Algae Lamps Generate Energy And Use More CO2 Than Trees
There are two great environmental challenges that we face today: one is the need for clean, renewable electrical energy and the other is a way to convert massive amounts of CO2 back to oxygen in the atmosphere. French biochemist Pierre Calleja may have found the answer in his street lamp powered by microalgae.
Over the past few years algae has been getting a lot of attention as a potential power source. The light is created as a natural result of the process of photosynthesis.
Like all plants algae takes in carbon dioxide and converts it into oxygen. A single one of these street lamps can remove a ton of CO2 from the atmosphere in a year. It would take a tree an entire lifetime to absorb that much.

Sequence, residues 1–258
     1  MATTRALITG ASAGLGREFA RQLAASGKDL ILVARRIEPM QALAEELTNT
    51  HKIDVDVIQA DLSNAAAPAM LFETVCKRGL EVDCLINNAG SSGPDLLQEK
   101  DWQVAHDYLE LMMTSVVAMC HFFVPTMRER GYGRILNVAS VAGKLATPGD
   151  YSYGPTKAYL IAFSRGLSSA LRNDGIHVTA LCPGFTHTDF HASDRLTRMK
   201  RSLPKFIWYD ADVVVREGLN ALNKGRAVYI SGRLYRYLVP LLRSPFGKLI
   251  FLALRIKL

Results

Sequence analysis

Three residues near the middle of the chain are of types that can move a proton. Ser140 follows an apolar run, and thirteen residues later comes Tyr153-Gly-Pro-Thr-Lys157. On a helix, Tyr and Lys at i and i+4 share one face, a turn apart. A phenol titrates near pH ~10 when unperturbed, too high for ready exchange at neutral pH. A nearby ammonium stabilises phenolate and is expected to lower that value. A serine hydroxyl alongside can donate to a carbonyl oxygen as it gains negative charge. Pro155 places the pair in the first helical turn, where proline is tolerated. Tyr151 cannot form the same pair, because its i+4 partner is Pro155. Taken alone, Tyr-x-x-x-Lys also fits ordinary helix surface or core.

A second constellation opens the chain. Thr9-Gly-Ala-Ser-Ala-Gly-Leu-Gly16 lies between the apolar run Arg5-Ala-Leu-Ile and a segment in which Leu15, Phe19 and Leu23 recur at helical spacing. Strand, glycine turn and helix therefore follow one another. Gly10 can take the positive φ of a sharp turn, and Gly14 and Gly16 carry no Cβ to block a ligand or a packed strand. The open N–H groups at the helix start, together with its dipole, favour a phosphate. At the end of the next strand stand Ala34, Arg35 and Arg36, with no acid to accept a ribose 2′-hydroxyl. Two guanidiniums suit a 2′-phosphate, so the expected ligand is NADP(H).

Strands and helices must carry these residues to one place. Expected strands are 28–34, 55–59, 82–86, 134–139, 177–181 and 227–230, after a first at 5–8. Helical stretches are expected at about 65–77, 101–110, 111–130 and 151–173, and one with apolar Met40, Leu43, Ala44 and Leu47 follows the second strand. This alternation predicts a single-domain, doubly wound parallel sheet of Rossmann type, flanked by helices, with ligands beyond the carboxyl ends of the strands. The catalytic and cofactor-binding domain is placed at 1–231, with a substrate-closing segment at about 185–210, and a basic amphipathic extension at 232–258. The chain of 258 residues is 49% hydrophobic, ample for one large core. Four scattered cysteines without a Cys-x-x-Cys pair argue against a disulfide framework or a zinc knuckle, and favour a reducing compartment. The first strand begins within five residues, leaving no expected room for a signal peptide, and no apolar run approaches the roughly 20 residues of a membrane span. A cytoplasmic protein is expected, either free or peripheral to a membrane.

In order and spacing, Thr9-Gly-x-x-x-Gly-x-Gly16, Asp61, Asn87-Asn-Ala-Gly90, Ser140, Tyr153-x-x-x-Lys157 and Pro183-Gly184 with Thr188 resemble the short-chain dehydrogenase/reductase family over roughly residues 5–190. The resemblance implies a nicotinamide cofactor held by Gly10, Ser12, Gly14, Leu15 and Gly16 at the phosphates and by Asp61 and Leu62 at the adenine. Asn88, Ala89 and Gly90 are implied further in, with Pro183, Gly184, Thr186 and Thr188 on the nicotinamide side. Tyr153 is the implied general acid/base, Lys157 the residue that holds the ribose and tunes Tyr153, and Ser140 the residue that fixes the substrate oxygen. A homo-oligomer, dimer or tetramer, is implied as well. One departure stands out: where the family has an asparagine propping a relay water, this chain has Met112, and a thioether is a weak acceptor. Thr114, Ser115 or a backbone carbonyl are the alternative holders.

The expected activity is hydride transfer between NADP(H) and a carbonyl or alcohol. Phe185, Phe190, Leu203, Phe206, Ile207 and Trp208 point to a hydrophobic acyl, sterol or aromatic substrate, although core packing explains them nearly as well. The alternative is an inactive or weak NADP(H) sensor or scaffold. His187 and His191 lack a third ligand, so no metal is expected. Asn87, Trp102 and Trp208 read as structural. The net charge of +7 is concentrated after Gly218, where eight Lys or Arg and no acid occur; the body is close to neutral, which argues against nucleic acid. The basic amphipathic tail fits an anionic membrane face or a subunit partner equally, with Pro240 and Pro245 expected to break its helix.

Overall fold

One of these lamps has been installed in an underground parking garage in Bordeaux, France -- an environment loaded with carbon emissions. There they can measure the functionality of the lamp.
While the lamps certainly look cool there are still some questions about the viability of the lamp. Among these issues are whether or not they will be capable of being self-powered.
Researchers at Stanford and the University of Yansei have also been working with the electrical current created by algae during photosynthesis. They have also come up with a lamp powered by the microscopic plants.
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Laurie Kay Olson
Clever Problem Solvers